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Builders & Architects2019-07-20T06:31:23+00:00

Why work with a home modification occupational therapist?

Builders know construction, architects and designers know design and home modification occupational therapists know home accessibility.
Each profession has it’s own set of expertise. A great project requires a great team.

There is no effective ‘cookie-cutter’ approach to home modifications for people who are aging or who have disabilities, which causes headaches and perplexity. A home modification occupational therapist can assist in ensuring the home modifications will be safe and tailored to your client’s needs-making everyone involved in the project look good. 🙂

Home Modification Occupational Therapists bring the following to the team:

  • Expertise in tailoring home modifications to the specific needs of the individual based on their diagnosis/function.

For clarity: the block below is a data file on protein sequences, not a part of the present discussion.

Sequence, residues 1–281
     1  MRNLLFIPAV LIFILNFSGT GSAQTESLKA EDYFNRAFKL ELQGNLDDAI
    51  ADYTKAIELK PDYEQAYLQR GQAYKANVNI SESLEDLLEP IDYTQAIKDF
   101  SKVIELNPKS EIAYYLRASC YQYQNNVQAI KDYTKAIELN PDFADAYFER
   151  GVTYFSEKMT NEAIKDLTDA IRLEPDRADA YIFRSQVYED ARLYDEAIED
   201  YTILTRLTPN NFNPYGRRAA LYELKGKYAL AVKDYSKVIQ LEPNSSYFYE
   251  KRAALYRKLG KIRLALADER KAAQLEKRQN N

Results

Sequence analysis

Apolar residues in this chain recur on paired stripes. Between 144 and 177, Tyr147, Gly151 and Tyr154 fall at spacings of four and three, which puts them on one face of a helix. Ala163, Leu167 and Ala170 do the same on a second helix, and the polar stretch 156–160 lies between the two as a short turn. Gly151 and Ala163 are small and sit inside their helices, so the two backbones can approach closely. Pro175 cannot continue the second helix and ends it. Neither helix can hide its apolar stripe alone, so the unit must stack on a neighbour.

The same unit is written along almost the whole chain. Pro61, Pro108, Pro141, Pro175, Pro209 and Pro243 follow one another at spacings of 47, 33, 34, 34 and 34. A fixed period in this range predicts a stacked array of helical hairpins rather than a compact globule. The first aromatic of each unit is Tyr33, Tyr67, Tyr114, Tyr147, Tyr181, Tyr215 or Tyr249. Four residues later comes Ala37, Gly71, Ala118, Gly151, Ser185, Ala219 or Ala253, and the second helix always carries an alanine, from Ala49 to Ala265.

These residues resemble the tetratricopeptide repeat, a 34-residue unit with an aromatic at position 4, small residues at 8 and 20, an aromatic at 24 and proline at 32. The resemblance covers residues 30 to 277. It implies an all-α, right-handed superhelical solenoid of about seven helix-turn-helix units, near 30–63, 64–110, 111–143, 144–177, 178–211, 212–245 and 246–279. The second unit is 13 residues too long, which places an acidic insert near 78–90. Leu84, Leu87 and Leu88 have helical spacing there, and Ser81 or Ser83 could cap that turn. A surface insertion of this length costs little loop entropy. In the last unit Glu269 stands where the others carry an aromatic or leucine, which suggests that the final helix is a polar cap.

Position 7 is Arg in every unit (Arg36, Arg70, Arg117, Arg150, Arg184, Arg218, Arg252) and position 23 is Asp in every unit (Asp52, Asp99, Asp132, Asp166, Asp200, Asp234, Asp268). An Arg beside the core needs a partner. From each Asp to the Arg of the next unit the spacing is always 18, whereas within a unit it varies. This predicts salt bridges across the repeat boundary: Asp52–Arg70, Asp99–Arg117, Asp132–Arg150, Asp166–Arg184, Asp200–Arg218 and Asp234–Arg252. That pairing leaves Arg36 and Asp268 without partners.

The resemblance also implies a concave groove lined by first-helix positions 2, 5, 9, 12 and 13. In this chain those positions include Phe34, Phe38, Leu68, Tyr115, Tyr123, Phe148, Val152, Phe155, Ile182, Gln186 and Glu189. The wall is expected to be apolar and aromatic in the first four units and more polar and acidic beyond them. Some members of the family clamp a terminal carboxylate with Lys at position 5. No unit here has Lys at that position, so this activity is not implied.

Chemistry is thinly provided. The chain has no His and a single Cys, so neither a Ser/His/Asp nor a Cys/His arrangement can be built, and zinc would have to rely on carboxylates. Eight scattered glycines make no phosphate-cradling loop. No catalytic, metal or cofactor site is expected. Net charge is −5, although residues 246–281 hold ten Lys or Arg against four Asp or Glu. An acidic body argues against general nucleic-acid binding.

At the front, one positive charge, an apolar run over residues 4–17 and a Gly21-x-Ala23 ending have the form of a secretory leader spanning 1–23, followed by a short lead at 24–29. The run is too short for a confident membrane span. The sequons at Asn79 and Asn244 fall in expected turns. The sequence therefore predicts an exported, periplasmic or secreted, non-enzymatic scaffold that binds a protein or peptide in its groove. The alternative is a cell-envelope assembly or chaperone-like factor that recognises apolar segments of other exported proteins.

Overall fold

• Ability to compete on quality not price.
  • Access and trust of people aging-in-place and with debilitating conditions.
  • Income for evaluations and off set costs of putting together a bid or design.
  • Expertise in requirements and placement of fixtures for accessibility.
  • Expert credibility for your business.
  • In depth knowledge of debilitating conditions and aging, allowing for recommendations that work in the short-term and the long-term.
  • Ability to recommend, to procure, and to fit adaptive equipment to help ensure the project’s success and safe, independent clients.
  • Reduce redesign time and callbacks by helping you get it right the first time.
  • Knowledge of good-looking, accessible fixtures such as designer grab bar/faucet suites.

The occupational therapist’s greatest contribution is the perspective of the specific user. They understand the abilities and limitations of an individual and can inform the architect, designer, and the general contractor about the unique needs of the individual and help them think holistically. As a trained architect, I know most of the design world focuses on generic standards for accessibility. – Adam Griff Architect

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